When Ann Hood learnt to knit, she wasn't jumping on the cool "Stitch 'n Bitch" bandwagon – it was a desperate attempt to assuage her grief in the aftermath of the sudden and unexpected death of her five-year-old daughter. No longer able to read or write, she instead found solace in the act of knitting and the communities offered by knitting groups – an experience she then turned into her bestselling novel, The Knitting Circle (soon to be an HBO movie). Knitting Yarns – a collection of original essays (and one poem, Elinor Lipman's "I Bought This Pattern Book Last Spring") about what knitting has meant to the writers, whether they are able practitioners of the craft or not – is thus an apt editorial project for an author who found her way back to the written word through "the magical powers of yarn and needles".
Alison Lurie provides a history of knitting, Barbara Kingsolver describes shearing a sheep, Sue Grafton's piece is about teaching a child to knit – and also included are six knitting patterns designed by Helen Bingham (Hood's "knitting guru"). But this is less a practical guide than an anthology about the emotional terrain of these authors' wool-strewn lives. Most of the contributions are deeply personal: clearly, Hood's wounds weren't the only ones healed by the gentle click, click of needles. There are tales about a best friend lost to a cult, a failed marriage, and the loss of a nanny who was more like a mother to her than the author's own.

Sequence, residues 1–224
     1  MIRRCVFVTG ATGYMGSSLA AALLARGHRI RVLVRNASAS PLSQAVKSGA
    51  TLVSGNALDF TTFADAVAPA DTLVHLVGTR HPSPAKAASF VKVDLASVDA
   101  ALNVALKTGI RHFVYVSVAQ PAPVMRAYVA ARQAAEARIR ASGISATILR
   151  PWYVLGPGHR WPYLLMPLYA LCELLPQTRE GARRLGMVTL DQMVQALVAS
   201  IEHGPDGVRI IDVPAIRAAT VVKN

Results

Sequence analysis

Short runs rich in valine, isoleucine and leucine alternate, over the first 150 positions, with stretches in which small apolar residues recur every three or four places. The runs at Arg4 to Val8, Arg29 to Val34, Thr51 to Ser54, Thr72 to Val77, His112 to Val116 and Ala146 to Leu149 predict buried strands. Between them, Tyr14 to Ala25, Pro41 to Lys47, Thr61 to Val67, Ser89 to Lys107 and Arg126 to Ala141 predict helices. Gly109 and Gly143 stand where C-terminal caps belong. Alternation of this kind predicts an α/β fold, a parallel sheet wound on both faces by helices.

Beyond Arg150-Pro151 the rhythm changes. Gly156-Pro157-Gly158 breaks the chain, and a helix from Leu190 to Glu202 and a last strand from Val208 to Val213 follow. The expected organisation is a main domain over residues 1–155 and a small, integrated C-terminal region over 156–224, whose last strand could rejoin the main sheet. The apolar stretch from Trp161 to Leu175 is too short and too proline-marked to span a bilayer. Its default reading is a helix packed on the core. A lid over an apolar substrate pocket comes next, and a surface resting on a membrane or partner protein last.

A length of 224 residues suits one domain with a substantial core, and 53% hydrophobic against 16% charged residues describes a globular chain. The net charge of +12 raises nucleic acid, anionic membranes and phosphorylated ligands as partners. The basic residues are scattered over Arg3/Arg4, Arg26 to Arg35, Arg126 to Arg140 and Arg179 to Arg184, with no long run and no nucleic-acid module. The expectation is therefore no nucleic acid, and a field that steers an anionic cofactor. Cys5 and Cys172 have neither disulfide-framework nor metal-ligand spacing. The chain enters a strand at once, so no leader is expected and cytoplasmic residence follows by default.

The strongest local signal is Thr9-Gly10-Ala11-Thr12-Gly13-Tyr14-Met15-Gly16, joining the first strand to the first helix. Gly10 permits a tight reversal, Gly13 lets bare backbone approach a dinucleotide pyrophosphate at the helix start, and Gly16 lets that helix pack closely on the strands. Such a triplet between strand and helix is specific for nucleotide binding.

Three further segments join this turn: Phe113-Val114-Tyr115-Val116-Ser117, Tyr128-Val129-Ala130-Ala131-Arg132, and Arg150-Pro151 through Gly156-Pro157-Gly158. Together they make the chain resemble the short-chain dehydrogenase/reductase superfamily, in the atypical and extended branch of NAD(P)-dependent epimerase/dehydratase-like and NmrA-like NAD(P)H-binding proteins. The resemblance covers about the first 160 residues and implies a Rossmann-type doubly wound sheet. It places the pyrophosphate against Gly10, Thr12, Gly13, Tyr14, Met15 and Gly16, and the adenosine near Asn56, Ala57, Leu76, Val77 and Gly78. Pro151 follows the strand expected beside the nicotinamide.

Three of the contributors are men. Andre Dubus III remembers his girlfriend teaching him to knit so that he could make his aunt a scarf for Christmas, something she, with her fast failing eyesight, could "touch". The vast majority, however, are women – knitting, after all, is "the women's legacy, passed down through the ladder of generations". Watching her daughters learn to knit, Hope Edelman sees a connection between them and the grandmother they never knew. Joyce Maynard tells the poignant story of how her high-achieving mother, trapped by the social conventions of the 1950s, channeled her "big, wild talents and burning ambitions" into beautiful knitting projects. Ann Patchett writes about the scarf that "holds together" the women she has loved and lost.
I am not a knitter, but that didn't make these stories any less moving or interesting. Indeed, as I read, all the cardigans, scarfs, hats and mittens my mother, a talented and generous knitter, has lovingly made for me over the years came flooding back into my mind's eye, and I knew exactly what these authors were writing about.
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